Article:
However, there are some subtleties to consider. Even before the food has reached our plate, certain factors can influence how much will end up there. Plate size is one. In studies, if people are given larger dishware with which to serve themselves, they will take more food (and thus, likely eat more). If a larger spoon or other serving utensil is provided, they will scoop more onto their dish. If a greater number of items of food are available, say at a buffet, then more will be eaten overall. If we buy large quantities of food or drink from a supermarket (for example bulk purchasing or taking advantage of a ‘BOGOF’ deal) then, perhaps perversely, we often repurchase the same item sooner than if we had purchased it in smaller portions, because of the stimulating effect of the presence of the large portion in our homes on our intake.

Importantly, such overconsumption is rarely, if ever, compensated for at later eating occasions. Despite our many, varied and intricately clever systems for regulating food intake (hormones emerging from almost every step of the digestion pathway to tell our brain how the meal is going), we’re just not very good at knowing when we’ve had enough and therefore when to stop. Nor are we any good at saying “I overate at lunchtime, therefore I am going to reduce the size of my evening meal to ensure that my caloric consumption for today is not excessive”.

It just doesn’t happen, the previous load of excess calories is swept under the carpet in our minds (but carefully stored as fat by our bodies) and we continue to eat as normal from the next eating occasion onwards. Thus, the ‘portion size effect’ contributes to sustained overconsumption (the very sort that leads to weight gain). This is true regardless of demographic characteristics such as socioeconomic status, age, body mass index and sex. Worryingly, there are signs that children as young as 2 years of age may be susceptible to the intake-enhancing effects of large portion sizes.

Given the above, it’s clear that self-regulation of portion size, particularly as it relates to eating outside of the home and when snacking, is extremely challenging - particularly for those seeking to manage their weight. There may be things we can do about it. Pressure from public health bodies has led to the withdrawal of many of the ‘super-sized’ options available in fast food outlets. But a major cultural and societal shift has taken place in these ‘consumption norms’ over the last 50 or so years, and it would take a lot of work to reverse the trend. Would consumers be amenable to reduced portion sizes? The food industry is of course motivated by the need to make profits, and as there is already considerable distrust between consumers and the industry with regard to their motives for portion sizes, reductions are likely to be poorly tolerated by many.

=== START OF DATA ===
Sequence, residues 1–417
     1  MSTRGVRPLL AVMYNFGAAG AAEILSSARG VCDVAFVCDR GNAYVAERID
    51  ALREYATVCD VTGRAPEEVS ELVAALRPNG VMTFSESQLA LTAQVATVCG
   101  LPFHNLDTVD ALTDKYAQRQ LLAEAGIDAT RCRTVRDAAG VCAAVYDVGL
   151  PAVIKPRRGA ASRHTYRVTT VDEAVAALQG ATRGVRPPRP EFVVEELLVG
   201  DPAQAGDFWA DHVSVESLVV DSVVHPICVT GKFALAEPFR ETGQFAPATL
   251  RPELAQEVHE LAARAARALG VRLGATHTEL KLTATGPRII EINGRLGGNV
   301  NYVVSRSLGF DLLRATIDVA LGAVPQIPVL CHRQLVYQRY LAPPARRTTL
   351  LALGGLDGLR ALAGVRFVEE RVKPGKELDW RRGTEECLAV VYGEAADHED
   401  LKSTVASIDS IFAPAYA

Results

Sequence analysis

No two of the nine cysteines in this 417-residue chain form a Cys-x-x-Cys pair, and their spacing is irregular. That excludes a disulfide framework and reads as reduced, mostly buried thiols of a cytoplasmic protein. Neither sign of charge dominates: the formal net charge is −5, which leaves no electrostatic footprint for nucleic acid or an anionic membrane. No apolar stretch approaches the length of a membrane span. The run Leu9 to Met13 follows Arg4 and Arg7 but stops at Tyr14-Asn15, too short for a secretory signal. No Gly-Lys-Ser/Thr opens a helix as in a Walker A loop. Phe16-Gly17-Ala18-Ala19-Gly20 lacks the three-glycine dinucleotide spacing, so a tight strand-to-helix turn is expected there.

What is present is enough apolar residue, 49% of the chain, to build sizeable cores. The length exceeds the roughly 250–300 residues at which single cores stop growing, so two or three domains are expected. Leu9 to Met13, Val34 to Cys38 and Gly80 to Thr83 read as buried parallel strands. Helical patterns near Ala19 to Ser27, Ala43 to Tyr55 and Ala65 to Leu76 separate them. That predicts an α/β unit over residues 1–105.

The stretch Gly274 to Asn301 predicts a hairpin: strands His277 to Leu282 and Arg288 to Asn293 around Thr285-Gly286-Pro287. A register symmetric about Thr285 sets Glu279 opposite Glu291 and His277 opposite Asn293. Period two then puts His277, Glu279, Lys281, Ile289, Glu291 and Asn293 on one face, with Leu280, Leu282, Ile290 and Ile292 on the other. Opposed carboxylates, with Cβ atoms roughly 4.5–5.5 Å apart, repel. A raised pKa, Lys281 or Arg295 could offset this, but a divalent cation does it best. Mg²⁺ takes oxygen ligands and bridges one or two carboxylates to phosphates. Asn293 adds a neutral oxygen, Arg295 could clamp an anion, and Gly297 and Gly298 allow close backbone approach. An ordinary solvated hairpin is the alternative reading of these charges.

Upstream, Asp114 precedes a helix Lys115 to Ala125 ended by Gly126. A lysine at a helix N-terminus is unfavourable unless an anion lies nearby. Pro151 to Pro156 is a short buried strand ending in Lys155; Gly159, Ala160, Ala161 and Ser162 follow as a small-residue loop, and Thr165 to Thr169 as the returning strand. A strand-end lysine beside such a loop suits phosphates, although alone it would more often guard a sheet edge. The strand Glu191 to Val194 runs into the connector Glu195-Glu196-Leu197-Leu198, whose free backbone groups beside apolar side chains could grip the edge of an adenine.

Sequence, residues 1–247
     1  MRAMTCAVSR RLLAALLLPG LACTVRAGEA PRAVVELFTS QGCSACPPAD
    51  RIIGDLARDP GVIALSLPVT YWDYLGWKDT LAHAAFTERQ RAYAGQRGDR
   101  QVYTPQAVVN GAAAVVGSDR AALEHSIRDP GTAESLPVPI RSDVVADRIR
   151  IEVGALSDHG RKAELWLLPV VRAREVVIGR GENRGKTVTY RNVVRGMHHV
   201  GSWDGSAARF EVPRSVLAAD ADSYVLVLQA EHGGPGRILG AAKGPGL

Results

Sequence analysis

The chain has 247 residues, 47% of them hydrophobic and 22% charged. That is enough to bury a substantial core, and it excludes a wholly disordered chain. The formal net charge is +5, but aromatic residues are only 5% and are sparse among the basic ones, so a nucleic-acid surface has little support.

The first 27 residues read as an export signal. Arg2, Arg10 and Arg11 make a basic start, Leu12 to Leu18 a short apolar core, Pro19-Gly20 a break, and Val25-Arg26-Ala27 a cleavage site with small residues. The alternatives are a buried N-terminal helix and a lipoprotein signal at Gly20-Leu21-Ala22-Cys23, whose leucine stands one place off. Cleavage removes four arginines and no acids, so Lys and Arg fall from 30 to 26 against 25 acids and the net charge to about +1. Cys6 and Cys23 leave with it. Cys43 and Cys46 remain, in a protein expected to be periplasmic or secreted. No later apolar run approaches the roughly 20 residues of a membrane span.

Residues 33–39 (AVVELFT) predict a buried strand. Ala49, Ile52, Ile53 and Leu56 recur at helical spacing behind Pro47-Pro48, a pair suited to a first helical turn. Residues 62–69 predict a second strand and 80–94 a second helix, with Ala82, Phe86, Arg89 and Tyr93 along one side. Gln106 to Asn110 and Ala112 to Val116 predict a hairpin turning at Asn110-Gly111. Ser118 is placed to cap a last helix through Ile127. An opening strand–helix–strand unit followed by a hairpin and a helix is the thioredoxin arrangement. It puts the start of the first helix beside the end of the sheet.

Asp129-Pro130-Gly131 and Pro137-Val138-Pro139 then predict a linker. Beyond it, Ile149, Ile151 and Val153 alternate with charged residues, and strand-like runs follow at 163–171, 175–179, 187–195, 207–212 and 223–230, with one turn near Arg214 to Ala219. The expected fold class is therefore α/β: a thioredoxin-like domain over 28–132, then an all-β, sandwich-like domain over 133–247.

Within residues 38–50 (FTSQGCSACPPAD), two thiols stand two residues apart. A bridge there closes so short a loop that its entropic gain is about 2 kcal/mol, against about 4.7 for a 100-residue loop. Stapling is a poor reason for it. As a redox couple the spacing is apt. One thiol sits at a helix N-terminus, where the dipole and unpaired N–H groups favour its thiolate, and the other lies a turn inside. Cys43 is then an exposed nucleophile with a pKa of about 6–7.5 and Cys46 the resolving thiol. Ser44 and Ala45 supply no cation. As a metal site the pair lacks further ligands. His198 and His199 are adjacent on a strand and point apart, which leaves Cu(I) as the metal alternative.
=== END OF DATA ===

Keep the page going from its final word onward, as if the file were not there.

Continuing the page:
As we sit down for our Christmas meals this year, few of us will be thinking we should go easy. Eating until we fall asleep in front of the family festive movie is tradition, and there’s no real harm in that as a once a year treat, but as we move beyond Christmas we might all like to take a look at the culture of the food environment around us in a new, critical light. Do we need 50% extra free? Maybe less really is more. Perhaps, as a start, we could try placing greater value on our health than our wallets. That’s one New Year’s resolution that may just make a difference.

Read 397 times Last modified on Monday, 12 December 2016 17:04
Emma Boyland

Dr Emma Boyland is a lecturer in the Department of Psychological Sciences at the University of Liverpool since 2012.